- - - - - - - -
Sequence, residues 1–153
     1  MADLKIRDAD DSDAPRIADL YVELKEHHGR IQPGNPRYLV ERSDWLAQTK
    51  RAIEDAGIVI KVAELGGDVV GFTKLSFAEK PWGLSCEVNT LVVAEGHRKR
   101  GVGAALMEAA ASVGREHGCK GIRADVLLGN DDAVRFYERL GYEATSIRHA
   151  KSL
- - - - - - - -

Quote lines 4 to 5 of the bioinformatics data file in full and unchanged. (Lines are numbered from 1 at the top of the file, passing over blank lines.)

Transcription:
   101  GVGAALMEAA ASVGREHGCK GIRADVLLGN DDAVRFYERL GYEATSIRHA
   151  KSL